“This equipment will be rapidly delivered to Ukraine on an emergency basis to help Ukrainians persevere through the winter,” the State Department said in a statement Tuesday.
Here’s the latest on the war and its ripple effects across the globe.
- Ukraine’s energy grid operator says it can provide only 70 percent of the electricity required. A senior State Department official told reporters that 25 to 30 percent of Ukraine’s energy infrastructure has been damaged by Russian missiles and drone attacks. “What Russia is trying to do is to systematically dismantle the national energy grid at a moment of peak vulnerability,” said the official, who spoke on the condition of anonymity on Monday to preview the U.S. energy plan for Ukraine.
- Russia this week postponed nuclear arms control talks with the United States because of the “extremely negative” relationship between the two countries, Russian Foreign Ministry spokesperson, Maria Zakharova, said in a statement on Telegram. She accused the United States of harboring a “pathological desire to harm” Russia. The talks, under the New START treaty, were scheduled to begin Tuesday in Cairo.
- NATO reiterated its longstanding commitment to one day admit Ukraine as it pledged to send more aid, the Associated Press reported. “NATO’s door is open,” NATO Secretary-General Jens Stoltenberg said Tuesday, adding that “Russia does not have a veto” on countries joining. Former Russian President Dmitry Medvedev on Telegram warned NATO against providing Ukrainian forces with Patriot missile defense systems.
- The area around Bakmut has become a center of gravity in the east, the Pentagon said Tuesday, as Ukrainian and Russian forces struggle for the strategic city in the Donetsk region, where important road and rail lines meet. “That fighting has been very intense,” a senior U.S. military official said. Russian counteroffensives have recently eroded Ukrainian gains there, the official said.
- Bad weather and other factors have reduced Russian sorties, a senior U.S. military official told reporters Tuesday. The number of flights are now in the 10s per day, about a quarter of the flights that previously occurred in better weather conditions, the official said, though other factors like ongoing operations can also affect the number. Russia has relied on air-launched missiles as a significant way to strike infrastructure and other targets.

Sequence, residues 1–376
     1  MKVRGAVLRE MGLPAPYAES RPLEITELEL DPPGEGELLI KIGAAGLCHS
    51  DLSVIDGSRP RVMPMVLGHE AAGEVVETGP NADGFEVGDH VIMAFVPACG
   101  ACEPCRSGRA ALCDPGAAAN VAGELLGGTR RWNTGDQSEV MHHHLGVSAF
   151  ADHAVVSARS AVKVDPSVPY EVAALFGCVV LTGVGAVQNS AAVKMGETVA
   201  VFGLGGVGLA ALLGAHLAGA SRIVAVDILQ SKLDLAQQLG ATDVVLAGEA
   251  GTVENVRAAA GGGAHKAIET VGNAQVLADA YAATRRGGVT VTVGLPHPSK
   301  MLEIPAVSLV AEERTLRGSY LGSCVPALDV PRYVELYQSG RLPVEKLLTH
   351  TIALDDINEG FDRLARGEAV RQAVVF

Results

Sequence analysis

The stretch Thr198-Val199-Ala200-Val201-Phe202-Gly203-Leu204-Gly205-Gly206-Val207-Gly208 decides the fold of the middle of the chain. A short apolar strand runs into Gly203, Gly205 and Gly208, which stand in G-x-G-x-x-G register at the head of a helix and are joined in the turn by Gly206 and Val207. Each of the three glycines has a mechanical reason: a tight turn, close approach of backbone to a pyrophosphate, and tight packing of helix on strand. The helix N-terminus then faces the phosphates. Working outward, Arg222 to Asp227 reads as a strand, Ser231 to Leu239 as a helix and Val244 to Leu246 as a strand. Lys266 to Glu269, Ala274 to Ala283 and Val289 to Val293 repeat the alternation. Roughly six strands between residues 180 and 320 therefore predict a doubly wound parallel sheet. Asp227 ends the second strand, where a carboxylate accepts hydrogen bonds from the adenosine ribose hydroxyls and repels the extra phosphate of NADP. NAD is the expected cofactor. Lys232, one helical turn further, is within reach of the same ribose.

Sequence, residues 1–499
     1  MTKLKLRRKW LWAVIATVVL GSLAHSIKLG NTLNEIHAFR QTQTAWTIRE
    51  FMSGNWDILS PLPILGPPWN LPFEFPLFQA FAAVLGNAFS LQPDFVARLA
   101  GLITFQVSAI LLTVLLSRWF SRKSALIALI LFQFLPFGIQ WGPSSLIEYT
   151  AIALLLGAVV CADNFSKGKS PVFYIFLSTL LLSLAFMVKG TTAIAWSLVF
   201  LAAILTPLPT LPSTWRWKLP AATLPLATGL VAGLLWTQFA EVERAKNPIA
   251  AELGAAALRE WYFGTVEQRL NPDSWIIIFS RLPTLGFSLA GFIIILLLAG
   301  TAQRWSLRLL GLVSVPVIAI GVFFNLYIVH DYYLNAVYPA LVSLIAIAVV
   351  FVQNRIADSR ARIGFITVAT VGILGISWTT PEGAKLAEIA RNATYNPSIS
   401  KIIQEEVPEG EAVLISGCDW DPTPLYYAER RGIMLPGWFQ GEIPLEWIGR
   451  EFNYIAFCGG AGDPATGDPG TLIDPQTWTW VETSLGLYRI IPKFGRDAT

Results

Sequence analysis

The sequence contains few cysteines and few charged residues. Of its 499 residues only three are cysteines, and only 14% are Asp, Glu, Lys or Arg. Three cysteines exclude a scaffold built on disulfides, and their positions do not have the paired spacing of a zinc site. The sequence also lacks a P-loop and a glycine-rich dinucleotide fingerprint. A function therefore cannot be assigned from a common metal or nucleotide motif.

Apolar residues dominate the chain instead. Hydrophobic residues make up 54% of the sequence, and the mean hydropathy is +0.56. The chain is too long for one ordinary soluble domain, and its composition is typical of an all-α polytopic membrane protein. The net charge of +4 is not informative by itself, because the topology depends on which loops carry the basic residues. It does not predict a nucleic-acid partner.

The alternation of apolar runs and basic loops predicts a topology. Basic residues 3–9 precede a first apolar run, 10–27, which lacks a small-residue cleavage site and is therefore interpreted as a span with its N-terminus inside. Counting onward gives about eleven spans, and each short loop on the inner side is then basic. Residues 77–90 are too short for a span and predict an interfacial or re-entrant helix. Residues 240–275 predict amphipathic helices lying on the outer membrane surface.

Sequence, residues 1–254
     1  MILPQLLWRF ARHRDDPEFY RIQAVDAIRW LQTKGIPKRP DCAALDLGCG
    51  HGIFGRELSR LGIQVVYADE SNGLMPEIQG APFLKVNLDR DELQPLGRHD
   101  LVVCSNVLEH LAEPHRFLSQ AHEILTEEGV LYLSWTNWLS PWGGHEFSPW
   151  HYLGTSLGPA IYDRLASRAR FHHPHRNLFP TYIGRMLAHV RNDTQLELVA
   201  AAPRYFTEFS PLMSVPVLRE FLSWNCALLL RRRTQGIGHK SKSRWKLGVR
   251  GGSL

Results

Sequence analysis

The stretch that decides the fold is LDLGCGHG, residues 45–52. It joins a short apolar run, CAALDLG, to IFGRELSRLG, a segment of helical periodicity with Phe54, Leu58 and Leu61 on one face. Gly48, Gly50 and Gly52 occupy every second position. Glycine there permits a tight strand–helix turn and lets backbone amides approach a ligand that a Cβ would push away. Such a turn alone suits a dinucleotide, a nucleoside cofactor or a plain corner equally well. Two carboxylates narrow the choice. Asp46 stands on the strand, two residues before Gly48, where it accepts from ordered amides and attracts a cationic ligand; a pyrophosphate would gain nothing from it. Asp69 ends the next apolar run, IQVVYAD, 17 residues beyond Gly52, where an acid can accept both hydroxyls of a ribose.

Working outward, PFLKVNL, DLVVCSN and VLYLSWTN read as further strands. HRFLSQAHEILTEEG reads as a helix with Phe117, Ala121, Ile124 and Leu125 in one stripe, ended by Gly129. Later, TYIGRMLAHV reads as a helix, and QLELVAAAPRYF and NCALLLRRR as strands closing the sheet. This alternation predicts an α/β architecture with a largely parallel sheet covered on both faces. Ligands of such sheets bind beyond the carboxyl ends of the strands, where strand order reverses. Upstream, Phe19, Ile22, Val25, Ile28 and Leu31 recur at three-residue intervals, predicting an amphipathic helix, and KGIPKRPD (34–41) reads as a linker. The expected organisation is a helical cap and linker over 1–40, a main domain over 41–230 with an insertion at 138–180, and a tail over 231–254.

- Moscow has likely shifted away from one of its favored battlefield organizational strategies in the past three months, Britain’s Defense Ministry said. For the past 10 years, Russia has used the battalion tactical groups (BTG) system to integrate battalions with their armor, reconnaissance and artillery sub-units, British intelligence officials said. They believe the system has fallen out of favor because it is unsuitable for high-intensity, large-scale combat.
- Moscow has lodged a protest with the Roman Catholic Church following comments by Pope Francis about Russian ethnic minorities, Tass reported. In an interview with America Magazine on Monday, Francis described Russia’s Chechen and Buryati minorities as “the cruelest … perhaps” among the Russian forces fighting in Ukraine, before clarifying that “the one who invades is the Russian state.” Russian Foreign Ministry spokeswoman Maria Zakharova described the minority groups, who have been deployed to fight in significant numbers, as part of one multireligious Russian family.
- Qatar has signed a 15-year energy deal with Germany to supply it with liquefied natural gas starting in 2026, the Associated Press reported. Germany plans to receive the gas through a specialized terminal at Brunsbüttel near the North Sea. Before this year, Berlin depended on Moscow for more than half its natural gas, but since the invasion of Ukraine, it has vowed to phase out Russian gas completely.
- President Biden held talks Tuesday with legislative leaders from both parties to discuss next year’s funding priorities, including assistance to Ukraine. House Republican leader Kevin McCarthy expressed wariness about the level of U.S. spending on the conflict. “I’m not for a blank check for anything," he told reporters. “This is hard-working taxpayer money.”
From our correspondents
From a bunker, an acting mayor keeps her front-line Ukraine town alive: Former kindergarten teacher Svitlana Mandrych is one of the few people left in Orikhiv, which she now administers from her office in the basement of its badly damaged city hall, write Samantha Schmidt and Serhii Korolchuk. The building has been hit by artillery fire so incessantly that 51-year-old Mandrych was forced to move her office to a cold, concrete-walled room underground, lit by a single lightbulb. She spends her days underground fielding nonstop calls with the help of two remaining council members and the company of a dog named Bullet. “Everybody has a different fear tolerance,” she said. “I cannot leave the people of Orikhiv behind.”